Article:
There is another sense, however, in which the paradox of the impossible painting is more like the Liar paradox than the Russell paradox. The Liar paradox arguably arises because of circularity of reference: the Liar sentence refers to, or ‘picks out’, itself. And the paradox of the impossible painting arises because of circularity of depiction – that is, paintings that depict, or ‘pick out’, themselves. Reference and depiction are different, but, insofar as they are both ways of ‘picking out’, while set-theoretic membership is not, suggests that, in this respect at least, the paradox of the impossible painting has more in common with the Liar paradox than with the Russell paradox.
Thus, the paradox of the impossible painting ‘lies between’, or is a sort of hybrid of, the Liar paradox and the Russell paradox, with some features in common with the former and others in common with the latter. As a result, studying this puzzle further seems likely to reward us with deeper insights into these two much older and more well-known conundra. Who knew oats could be so deep?
The last Thursday of November freshmen are returning home to reunite with their high school sweethearts. Except not all are as sweet as they once were. Your old flame may show up with a new admirer or give you trouble because you didn’t spend enough time on Skype on Saturday nights while away at college. Be prepared: pack an arsenal of tunes that catch the sad and sometimes mixed feelings you may have after Turkey-Dumping Day. For your convenience, a list of the 10 great breakup songs for a post-Turkey recovery:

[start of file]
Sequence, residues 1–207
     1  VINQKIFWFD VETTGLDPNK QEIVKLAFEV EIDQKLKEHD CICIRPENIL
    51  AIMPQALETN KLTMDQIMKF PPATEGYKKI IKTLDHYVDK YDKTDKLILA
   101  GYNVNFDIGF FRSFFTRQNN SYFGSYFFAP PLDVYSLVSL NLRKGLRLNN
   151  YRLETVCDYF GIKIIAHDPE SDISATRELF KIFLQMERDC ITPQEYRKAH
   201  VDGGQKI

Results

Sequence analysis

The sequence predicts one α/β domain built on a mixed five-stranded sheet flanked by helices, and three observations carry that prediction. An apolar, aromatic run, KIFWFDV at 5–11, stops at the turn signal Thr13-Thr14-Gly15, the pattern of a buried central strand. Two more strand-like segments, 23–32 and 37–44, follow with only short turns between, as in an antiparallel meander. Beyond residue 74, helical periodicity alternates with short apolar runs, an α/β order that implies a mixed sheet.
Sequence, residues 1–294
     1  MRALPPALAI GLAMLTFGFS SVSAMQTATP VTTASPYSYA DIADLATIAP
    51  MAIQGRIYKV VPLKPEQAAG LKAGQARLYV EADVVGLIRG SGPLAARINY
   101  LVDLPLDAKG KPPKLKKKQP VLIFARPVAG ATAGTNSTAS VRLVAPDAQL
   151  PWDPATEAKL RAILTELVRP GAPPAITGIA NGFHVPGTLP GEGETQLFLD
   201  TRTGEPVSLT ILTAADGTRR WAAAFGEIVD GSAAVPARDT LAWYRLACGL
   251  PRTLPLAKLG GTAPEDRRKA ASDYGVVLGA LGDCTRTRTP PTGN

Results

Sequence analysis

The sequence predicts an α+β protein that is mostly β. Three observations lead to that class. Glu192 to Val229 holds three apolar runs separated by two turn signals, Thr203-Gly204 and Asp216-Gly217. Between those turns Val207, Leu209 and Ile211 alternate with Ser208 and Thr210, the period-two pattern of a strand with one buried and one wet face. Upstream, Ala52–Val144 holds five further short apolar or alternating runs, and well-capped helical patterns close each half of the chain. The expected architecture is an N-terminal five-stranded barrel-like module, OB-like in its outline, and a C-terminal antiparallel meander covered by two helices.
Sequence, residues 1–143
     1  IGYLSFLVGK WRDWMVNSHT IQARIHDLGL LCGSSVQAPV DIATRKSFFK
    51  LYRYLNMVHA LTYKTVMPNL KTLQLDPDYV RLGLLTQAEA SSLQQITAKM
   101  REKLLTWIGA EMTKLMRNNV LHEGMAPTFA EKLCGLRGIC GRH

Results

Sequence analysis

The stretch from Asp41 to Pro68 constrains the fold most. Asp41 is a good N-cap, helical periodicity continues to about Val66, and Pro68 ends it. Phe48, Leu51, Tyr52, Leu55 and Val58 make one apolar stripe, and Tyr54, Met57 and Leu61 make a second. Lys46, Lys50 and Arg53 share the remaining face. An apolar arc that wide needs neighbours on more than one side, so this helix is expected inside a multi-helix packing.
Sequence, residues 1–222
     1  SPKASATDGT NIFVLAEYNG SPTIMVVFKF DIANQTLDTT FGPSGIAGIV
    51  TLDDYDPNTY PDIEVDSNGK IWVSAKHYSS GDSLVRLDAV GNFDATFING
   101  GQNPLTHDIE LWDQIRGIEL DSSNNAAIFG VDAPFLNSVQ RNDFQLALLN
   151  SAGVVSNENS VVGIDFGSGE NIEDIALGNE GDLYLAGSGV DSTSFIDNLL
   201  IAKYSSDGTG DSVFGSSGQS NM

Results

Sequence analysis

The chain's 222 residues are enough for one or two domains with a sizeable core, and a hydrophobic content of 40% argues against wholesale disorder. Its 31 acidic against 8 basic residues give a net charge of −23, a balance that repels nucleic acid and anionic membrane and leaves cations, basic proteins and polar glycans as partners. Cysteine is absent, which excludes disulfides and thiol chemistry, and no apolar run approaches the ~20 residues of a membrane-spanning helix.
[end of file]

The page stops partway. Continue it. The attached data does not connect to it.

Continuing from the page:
10. Pink’s “Blow me (One Last Kiss)”
One of the more lighthearted tracks to make the list, Pink’s lead single from her sixth studio album The Truth About Love (2012) nonetheless gets the message across: After too much fighting, tears, and sweaty palms, the time comes when turkey is not the only thing you have finally had enough of.
9. Passenger’s “Let Her Go”
Passenger’s second single from the album All the Little Lights (2012) made the list not only because of the soul-wrenching, melodic tune but also because of its spot-on content. Looking into the heart of a dumper, the lyrics forcefully delineate the paradox of love: you don’t really know whether or how much you love someone, until he or she is gone.
8. Christina Perri’s “Human”
The lead single from Perri’s second studio album Head or Heart (2014), this pop power ballad features almost no drumsticks (pun intended). Instead it showcases the American singer’s ethereal voice. And the lyrics hit the nail on the head: Being happier and hotter without your ex may be the best way to get even. But don’t worry if you fail spectacularly, ’cause you’re only a little human.
7. Hilary Duff’s “Stranger”
Tapping into the style and sound of Middle-eastern belly-dance music, Hilary Duff’s single, recorded for her fourth studio album Dignity (2007), is a bouncy yet husky song about suddenly seeing an unkind stranger in the torso of your beloved. After listening to this tune, put on the dumper’s apron before slicing the turkey.
6. Jaymes Young’s “Parachute”